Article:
Saharan remains may be evidence of first race war, 13,000 years ago

The skeletons – from the east bank of the Nile in northern Sudan – are from victims of the world’s oldest known relatively large-scale human armed conflict

Archaeology Correspondent

Scientists are investigating what may be the oldest identified race war 13,000 years after it raged on the fringes of the Sahara.

French scientists working in collaboration with the British Museum have been examining dozens of skeletons, a majority of whom appear to have been killed by archers using flint-tipped arrows.

The bones – from Jebel Sahaba on the east bank of the Nile in northern Sudan – are from victims of the world’s oldest known relatively large-scale human armed conflict.

Over the past two years anthropologists from Bordeaux University have discovered literally dozens of previously undetected arrow impact marks and flint arrow head fragments on and around the bones of the victims.

This is in addition to many arrow heads and impact marks already found embedded in some of the bones during an earlier examination of the skeletons back in the 1960s. The remains – the contents of an entire early cemetery – were found in 1964 by the prominent American archaeologist, Fred Wendorf, but, until the current investigations, had  never been examined using more modern, 21 century, technology.

Archaeologists during the excavation in the 1960s Archaeologists during the excavation in the 1960s Some of the skeletal material has just gone on permanent display as part of the British Museum’s new Early Egypt gallery which opens officially today. The bones – from Jebel Sahaba on the east bank of the River Nile in northern Sudan – are from victims of the world’s oldest known relatively large-scale human armed conflict.

Now British Museum scientists are planning to learn more about the victims themselves – everything from gender to disease and from diet to age at death. The discovery of dozens of previously undetected arrow impact marks and flint arrow fragments suggests that the majority of the individuals – men, women and children – in the Jebel Sahaba cemetery were killed by enemy archers, and then buried by their own people. What’s more, the new research demonstrates that the attacks – in effect a prolonged low-level war – took place over many months or years.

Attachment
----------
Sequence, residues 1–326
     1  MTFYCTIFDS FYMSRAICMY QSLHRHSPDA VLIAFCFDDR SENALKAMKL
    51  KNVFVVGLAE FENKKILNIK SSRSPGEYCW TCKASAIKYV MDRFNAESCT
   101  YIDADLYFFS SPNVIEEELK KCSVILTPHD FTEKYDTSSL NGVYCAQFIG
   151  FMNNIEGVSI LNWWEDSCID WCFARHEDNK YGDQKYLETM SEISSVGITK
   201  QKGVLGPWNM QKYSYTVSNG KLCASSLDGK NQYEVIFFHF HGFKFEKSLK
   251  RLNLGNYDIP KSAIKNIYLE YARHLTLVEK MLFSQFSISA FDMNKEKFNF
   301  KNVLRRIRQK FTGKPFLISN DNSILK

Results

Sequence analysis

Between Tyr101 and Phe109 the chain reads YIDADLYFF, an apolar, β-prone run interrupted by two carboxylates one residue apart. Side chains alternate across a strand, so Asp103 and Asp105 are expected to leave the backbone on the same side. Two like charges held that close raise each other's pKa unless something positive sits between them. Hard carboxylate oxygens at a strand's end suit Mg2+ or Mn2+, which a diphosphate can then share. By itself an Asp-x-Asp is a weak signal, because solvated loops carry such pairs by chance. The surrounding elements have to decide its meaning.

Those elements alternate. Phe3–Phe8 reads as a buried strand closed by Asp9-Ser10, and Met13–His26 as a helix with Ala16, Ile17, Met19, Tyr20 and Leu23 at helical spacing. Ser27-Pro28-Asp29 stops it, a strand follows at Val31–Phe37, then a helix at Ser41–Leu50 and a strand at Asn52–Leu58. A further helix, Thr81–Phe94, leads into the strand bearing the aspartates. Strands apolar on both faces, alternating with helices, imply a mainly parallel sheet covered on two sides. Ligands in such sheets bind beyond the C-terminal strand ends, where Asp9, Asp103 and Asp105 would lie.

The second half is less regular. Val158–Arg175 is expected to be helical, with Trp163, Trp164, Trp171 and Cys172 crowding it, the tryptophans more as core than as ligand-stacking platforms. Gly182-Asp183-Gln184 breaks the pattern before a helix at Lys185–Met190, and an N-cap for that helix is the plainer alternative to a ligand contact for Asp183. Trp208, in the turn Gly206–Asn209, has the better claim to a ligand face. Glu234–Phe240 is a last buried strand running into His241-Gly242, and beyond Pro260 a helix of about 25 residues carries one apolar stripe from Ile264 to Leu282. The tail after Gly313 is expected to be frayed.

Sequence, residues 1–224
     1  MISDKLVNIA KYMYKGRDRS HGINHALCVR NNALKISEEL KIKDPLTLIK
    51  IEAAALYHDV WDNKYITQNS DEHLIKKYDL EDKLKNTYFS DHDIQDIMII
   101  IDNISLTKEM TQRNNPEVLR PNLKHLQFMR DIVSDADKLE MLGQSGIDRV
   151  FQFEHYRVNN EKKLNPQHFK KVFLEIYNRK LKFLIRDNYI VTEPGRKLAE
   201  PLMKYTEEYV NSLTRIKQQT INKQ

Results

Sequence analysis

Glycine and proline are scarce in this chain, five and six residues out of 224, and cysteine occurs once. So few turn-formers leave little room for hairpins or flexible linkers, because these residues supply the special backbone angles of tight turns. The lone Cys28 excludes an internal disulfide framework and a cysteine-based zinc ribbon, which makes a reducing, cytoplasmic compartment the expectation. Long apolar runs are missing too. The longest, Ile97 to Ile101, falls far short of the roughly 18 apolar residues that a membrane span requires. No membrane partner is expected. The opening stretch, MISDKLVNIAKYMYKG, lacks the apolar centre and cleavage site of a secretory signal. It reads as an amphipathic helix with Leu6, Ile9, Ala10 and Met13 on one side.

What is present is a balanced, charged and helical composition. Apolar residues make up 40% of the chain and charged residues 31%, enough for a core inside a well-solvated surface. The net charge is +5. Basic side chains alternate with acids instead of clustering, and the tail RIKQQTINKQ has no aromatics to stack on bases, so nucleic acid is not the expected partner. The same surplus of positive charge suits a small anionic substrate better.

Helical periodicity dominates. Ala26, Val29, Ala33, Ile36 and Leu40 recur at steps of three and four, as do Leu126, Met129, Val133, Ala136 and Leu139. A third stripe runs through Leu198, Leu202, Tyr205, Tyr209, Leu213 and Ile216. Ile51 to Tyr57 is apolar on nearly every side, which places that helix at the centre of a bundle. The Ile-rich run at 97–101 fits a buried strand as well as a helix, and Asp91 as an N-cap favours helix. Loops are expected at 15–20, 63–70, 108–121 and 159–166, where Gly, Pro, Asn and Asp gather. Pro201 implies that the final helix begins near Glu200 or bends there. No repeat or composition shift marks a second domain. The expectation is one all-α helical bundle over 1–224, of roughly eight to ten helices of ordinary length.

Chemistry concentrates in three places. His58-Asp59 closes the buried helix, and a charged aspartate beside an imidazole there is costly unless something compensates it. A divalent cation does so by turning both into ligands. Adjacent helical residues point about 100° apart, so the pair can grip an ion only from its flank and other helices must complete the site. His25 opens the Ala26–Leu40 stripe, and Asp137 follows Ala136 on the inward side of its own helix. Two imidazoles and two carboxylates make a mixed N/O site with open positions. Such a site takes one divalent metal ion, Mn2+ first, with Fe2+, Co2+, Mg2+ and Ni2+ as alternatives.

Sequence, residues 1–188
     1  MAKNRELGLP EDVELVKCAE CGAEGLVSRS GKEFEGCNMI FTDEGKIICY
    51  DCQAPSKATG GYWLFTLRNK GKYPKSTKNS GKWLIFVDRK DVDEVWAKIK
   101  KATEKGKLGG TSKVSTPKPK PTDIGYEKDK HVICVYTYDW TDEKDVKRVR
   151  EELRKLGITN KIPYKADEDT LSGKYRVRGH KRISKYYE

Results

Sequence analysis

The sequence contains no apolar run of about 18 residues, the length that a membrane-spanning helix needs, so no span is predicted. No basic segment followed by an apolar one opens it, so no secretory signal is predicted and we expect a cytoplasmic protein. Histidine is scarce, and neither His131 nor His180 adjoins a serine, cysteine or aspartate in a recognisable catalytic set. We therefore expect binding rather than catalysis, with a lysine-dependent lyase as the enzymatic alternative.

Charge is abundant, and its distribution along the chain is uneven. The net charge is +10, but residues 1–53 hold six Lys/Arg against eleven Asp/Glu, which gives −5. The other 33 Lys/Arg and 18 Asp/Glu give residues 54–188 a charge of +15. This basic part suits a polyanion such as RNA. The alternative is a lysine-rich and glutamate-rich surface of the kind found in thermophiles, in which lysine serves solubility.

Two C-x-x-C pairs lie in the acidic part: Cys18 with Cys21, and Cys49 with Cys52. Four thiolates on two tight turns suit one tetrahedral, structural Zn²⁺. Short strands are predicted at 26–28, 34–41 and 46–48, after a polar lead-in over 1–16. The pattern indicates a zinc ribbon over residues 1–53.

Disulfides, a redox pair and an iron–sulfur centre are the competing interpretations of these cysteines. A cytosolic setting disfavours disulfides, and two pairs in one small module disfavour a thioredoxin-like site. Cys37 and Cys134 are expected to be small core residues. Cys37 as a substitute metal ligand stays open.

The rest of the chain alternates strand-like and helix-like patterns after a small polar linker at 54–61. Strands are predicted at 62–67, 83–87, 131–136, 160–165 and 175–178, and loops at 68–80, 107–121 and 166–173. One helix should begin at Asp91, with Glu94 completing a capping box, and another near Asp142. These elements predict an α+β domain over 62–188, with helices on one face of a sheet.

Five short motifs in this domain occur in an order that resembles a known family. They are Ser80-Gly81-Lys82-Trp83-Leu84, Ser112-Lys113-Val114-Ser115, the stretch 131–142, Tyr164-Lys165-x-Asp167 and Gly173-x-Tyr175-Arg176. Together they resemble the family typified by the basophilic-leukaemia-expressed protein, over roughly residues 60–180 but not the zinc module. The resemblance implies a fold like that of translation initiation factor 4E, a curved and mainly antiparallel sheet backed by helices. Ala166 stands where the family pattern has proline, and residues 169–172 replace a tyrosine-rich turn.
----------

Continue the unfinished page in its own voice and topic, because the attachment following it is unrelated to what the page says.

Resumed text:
Parallel research over recent years has also been shedding new light as to who, in ethnic and racial terms, these victims were.

Work carried out at Liverpool John Moores University, the University of Alaska and New Orleans’ Tulane University indicates that they were part of the general sub-Saharan originating population – the ancestors of modern Black Africans.

The identity of their killers is however less easy to determine. But it is conceivable that they were people from a totally different racial and ethnic group – part of  a North African/ Levantine/European people  who lived around much of the Mediterranean Basin.

The two groups – although both part of our species, Homo sapiens – would have looked quite different from each other and  were also almost certainly  different culturally and linguistically. The sub-Saharan originating group had long limbs, relatively short torsos and projecting upper and lower jaws along with rounded foreheads and broad noses, while the North African/Levantine/European originating group had shorter limbs, longer torsos and flatter faces. Both groups were very muscular and strongly built.

Certainly the northern Sudan area was a major ethnic interface between these two different groups at around this period. Indeed the remains of the North African/Levantine/European originating population group has even been found 200 miles south of Jebel Sahaba, thus suggesting that the arrow victims were slaughtered in an area where both populations operated.

What’s more, the period in which they perished so violently was one of huge competition for resources – for they appear to have been killed during a severe climatic downturn in which many water sources dried up, especially in summer time.

The climatic downturn – known as the Younger Dryas period – had been preceded by much lusher, wetter and warmer conditions which had allowed populations to expand. But when climatic conditions temporarily worsened during the Younger Dryas, water holes dried up, vegetation wilted and animals died or moved to the only major year-round source of water still available – the Nile.

Humans of all ethnic groups in the area were forced to follow suit – and migrated to the banks (especially the eastern bank) of the great river. Competing for finite resources, human groups would have inevitably clashed – and the current investigation is demonstrating the apparent scale of this earliest known substantial human conflict .

The skeletons were originally found during UNESCO-funded excavations carried out to investigate archaeological sites that were about to be inundated by the Aswan High Dam. All the Jebel Sahaba material was taken by the excavator Fred Wendorf to his laboratory in Texas, and some  30 years later was transferred to the care of the British Museum which is now working with other scientists to carry out a major new analysis of them.

Archaeologists during the excavation in the 1960s Archaeologists during the excavation in the 1960s “The skeletal material is of great importance – not only because of the evidence for conflict, but also because the Jebel Sahaba cemetery is the oldest discovered in the Nile Valley so far,” said Dr. Daniel Antoine, a curator in the British Museum’s Ancient Egypt and Sudan Department.

Of the 59 Jebel Sahaba victims, skeletal material from two has been included in the new Early Egypt gallery. The display includes flint arrowhead fragments and a healed forearm fracture, almost certainly sustained by a victim seeking to defend himself by raising his arm during an episode of conflict.

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